In the Baroque period (c. 1600 – 1750) the liturgy used to include what was called the ‘risus paschalis’, the Easter laughter. The Easter homily had to contain a story which would make people laugh, so that the church resounded with joyful laughter.
I learned that from Pope Benedict. He thought it beautiful and appropriate that joyful laughter become yet another symbol of Easter—not shallow surface laughter, but a deep genuine joy flowing from our faith and hope in the Risen Lord. The following prayer will hardly send you into joyful laughter, but may give rise to a quiet smile at how real and practical it is and a realization of how little human nature changes over the centuries.
— Fr. Ignatius Waters
17th Century Nun’s Prayer
Lord, Thou knowest better than I know myself that I am growing older and someday will be old. Keep me from the fatal habit of thinking that I must say something on every subject and on every occasion. Release me from the craving to straighten out everybody’s affairs. Make me thoughtful but not moody; helpful but not bossy. With my vast store of wisdom, it seems a pity not to use it all, but thou knowest, Lord, that I want a few friends at the end. Keep my mind free from the recital of endless details; give me wings to get to the point.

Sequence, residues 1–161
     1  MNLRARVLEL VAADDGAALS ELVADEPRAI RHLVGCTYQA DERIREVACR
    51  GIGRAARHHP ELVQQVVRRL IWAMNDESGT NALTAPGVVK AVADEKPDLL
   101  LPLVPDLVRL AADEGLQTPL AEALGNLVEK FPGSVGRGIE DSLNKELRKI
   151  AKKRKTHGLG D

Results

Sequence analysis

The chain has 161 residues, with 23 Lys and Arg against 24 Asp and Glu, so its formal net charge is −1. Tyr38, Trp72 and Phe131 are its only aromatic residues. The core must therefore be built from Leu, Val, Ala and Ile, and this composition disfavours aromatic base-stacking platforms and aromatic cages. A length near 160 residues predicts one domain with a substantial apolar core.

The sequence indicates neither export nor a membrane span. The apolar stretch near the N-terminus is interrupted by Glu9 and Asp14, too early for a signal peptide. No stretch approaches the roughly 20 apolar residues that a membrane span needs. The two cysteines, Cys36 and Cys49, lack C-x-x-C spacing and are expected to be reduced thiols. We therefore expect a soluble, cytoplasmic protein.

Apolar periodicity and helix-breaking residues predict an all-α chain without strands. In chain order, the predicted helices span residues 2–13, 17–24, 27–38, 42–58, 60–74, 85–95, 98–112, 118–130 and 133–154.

Seal my lips on my aches and pains. They are increasing and love of rehearsing them is becoming sweeter as the years go by. I dare not ask for grace enough to enjoy the tales of other’s pains, but help me to endure them with patience.
I dare not ask for improved memory, but for a growing humility and lessening cock-sureness when my memory seems to clash with the memories of others. Teach me the glorious lesson that occasionally I may be mistaken. Keep me reasonably sweet; I do not want to be a saint; some of them are so darn hard to live with. But a sour old person is one of the crowning works of the devil.
Give me the ability to see the good things in unexpected places and talents in unexpected people. And, give me, O Lord, the grace to tell them so. Amen.